Unemployment rates in many Organisation for Economic Co-operation and Development (OECD) countries will hit double figures by the end of 2010, according to the OECD’s interim economic outlook.
This will be the first time unemployment has reached such a level since the 1990s, and will considerably affect GDP growth. As unemployment climbs, the OECD expects global GDP to fall by 4.3% in the OECD area, while international trade is forecast to fall by more than 13% in 2009. The world economy is expected to shrink by 2.7%.
In America, the OECD forecasts a 4% fall in GDP in 2009, while Japan’s output is projected to drop by 6.6%.
Weak export markets, falling investment and the continuing credit crunch are expected to result in a 4.1% drop in the eurozone’s GDP in 2009 and a drop of 0.3% in 2010.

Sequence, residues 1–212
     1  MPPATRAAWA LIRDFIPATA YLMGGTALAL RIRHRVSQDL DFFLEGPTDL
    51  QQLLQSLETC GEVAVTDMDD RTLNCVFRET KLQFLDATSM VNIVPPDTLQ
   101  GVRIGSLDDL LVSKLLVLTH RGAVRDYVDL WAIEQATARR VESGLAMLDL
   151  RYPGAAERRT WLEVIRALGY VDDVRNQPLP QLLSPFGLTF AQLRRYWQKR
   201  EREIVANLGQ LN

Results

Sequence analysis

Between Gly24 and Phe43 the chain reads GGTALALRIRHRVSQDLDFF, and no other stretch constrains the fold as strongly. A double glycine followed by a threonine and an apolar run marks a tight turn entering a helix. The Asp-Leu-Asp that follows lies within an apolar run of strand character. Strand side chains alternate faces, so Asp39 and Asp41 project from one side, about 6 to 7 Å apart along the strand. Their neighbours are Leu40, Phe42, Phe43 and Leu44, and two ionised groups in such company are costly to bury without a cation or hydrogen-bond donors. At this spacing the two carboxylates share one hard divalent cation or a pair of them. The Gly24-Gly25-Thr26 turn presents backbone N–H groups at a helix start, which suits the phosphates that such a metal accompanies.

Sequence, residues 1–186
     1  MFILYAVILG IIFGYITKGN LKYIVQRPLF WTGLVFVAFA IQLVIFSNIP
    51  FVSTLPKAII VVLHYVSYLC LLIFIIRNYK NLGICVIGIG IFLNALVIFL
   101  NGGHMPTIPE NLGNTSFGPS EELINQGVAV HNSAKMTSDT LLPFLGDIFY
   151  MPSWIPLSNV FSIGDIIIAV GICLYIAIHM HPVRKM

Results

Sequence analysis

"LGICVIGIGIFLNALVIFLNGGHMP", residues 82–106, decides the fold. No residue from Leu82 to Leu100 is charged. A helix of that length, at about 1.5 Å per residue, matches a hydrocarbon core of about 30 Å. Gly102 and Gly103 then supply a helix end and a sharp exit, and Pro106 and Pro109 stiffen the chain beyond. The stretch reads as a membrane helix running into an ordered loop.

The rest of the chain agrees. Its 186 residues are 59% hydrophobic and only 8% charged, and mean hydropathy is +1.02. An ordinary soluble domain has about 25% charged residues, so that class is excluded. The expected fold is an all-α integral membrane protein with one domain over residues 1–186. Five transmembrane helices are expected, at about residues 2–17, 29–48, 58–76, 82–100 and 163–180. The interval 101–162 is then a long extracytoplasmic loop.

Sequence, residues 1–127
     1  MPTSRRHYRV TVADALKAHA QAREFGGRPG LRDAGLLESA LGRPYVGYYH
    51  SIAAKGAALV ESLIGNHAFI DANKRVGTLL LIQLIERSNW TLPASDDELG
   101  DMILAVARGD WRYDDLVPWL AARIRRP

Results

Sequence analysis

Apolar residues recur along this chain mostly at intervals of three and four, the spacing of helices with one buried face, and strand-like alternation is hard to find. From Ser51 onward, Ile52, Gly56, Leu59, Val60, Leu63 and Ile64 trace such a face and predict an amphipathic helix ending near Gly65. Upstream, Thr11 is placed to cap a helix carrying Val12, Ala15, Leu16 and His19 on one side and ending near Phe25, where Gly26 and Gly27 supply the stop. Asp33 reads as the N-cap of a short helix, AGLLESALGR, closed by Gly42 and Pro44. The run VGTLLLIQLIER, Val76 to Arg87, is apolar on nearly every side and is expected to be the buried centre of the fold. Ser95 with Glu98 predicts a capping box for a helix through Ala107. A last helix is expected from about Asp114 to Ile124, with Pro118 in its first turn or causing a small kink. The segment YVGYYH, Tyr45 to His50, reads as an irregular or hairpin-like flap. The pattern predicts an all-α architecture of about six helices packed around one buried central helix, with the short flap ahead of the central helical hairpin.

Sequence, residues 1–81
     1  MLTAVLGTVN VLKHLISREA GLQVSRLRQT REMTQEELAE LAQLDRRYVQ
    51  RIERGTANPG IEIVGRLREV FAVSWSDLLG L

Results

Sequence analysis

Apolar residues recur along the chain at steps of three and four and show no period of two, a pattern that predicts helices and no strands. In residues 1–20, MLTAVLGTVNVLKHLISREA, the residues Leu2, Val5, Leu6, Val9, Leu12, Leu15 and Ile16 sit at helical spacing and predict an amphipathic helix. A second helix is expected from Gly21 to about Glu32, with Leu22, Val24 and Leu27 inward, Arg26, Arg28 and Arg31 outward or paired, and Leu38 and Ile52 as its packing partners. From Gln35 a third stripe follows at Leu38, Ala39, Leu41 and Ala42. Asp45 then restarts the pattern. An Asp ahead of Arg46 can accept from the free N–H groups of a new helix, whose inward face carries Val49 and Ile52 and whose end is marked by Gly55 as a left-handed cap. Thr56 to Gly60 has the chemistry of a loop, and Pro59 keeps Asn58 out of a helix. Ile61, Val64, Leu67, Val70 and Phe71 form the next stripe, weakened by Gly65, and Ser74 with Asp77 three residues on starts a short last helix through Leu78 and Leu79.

The large emerging market economies are not immune from the downturn. The OECD forecasts that Brazil’s GDP will decline by 0.3% in 2009, while Russia’s GDP is projected to fall 5.6%. Meanwhile, India’s GDP growth is expected to slow to 4.3% and China’s to fall back to 6.3%.
According to the OECD report, the discretionary stimulus measures taken by global governments will on average add about 0.5% to GDP in 2009 and 2010.